The Explosives Regulations 2014 (ER2014) came into force on 1st October 2014. They replace many old explosive specific Regulations (including MSER and COER) and although the layout of the Regulations has changed significantly, the general content of them remain the same.
Two overarching guides have been published .
The text of the Explosive Regulations can be found here
In addition to the Regulations themselves there are 2 “Overarching” guides published by HSE
Please find below the derogation from the provisions of ADR, Annex B, UN 0335 and UN 0336 fireworks.
CD266 – Consultation on draft COMAH Regulations 2015 to implement the Seveso III Directive 2012/18/EU on the control of major-accident hazards involving dangerous substances, amending Council Directive 96/82/EC
This consultative document seeks views on proposed new regulations, titled ‘The Control of Major Accident Hazards Regulations 2015’ to implement all but the land use planning aspects and Article 30, ‘Heavy Fuel Oils’ of Council Directive 2012/18/EU (Seveso III Directive) on the control of major-accident hazards involving dangerous substances. Article 30 has already been implemented in Great Britain via a consequential amendment to the COMAH Regulations 1999, this change will be incorporated into the COMAH Regulations 2015.
click here for further information
The stimulation of potential future scientists by exciting practical demonstrations under controlled conditions is a fundamental part of all scientific education. There are many exciting experiments involving explosives and energetic systems that can be undertaken in an educational environment without requiring special permissions or extensive precautions. Examples of such experiments can be found in the Demonstrations section of this guide.
The demonstrations may be suitable for use:-
- In schools
- In higher educational establishments
- As part of science festivals or demonstrations or lectures
Advice is given on a practical approach to complying with the requirements of the Explosives Regulations 2014 (ER2-14) for those persons who are not required to have a licence. Nothing in this guide, however, removes the requirement to restrict the amount of explosives manufactured for the purposes of demonstrations. Advice is also given on compliance with the requirement for an explosive certificate under the new regulations.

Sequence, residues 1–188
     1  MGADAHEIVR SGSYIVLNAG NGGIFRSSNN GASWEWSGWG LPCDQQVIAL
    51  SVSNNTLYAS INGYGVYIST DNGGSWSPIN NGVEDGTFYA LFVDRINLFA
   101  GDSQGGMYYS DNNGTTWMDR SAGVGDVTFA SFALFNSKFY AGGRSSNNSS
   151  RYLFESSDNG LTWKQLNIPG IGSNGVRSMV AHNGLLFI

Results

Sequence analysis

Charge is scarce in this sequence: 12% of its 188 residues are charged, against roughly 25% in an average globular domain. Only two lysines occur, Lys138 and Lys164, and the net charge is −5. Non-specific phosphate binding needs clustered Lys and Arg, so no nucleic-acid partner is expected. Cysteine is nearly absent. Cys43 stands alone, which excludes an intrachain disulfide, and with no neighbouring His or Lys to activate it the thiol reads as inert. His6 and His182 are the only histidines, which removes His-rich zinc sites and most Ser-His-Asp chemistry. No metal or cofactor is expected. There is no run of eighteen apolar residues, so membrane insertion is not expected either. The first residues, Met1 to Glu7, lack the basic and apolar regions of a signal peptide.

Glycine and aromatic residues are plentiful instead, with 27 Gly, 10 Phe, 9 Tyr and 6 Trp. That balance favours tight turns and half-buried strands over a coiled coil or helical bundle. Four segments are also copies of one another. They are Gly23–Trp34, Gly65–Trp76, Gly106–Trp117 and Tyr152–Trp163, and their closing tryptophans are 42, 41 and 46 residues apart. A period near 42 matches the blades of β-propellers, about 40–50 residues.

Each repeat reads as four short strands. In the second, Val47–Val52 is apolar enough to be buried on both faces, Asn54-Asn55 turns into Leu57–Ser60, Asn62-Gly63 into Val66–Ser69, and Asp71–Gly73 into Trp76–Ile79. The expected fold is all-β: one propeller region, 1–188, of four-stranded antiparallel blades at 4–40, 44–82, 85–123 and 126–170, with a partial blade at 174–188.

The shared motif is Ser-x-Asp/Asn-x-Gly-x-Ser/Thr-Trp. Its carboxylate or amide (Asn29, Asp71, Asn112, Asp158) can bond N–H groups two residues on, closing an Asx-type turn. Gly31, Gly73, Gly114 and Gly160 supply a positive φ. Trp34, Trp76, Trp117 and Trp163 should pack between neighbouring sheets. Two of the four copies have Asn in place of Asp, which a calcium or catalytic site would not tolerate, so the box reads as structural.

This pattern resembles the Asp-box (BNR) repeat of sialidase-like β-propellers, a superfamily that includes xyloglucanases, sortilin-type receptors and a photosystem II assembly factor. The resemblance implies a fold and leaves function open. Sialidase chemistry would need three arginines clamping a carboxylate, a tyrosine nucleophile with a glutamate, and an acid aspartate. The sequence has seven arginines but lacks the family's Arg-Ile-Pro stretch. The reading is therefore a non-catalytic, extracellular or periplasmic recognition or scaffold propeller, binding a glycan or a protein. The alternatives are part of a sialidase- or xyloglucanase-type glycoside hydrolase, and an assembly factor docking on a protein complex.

The guide has been produced by a joint working party of the Royal Society of Chemistry (RSC) and the Royal Institution (RI) and the Explosives Industry Group of the Confederation of British Industry (CBI/EIG).
The current version of this Guide may be downloaded by clicking this link
Explosives in Educational Demonstrations Guide
Please always ensure you have an up-to date copy.
It is presented in Adobe pdf format for viewing on screen, but also is formatted so that it may be printed as an A4 or A5 booklet.
- 24 November 2013 – V1.1 – Initial publication
- 1 October 2014 – V2.1 – minor revisions for Explosives Regulations 2014
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This is a list of currently available guidance identified by the Explosives Guidance Working Group of the EIF (EGWG). It is a “work in progress” document and will be updated by members of the EGWG and EIG periodically. If you think there is a piece of guidance missing from the list, or any other edit needed, then we would be pleased to hear from you. Please email Charles Smith directly. A list of explosives legislation is also available. Please see the key at the bottom of the Table for more details. You can sort or filter the Table by clicking on the arrows in each column
Assessment Key:- 1 = Current 2 = Out of date, but still has some relevant sections 3 = Out of date – limited use 4 = Obsolete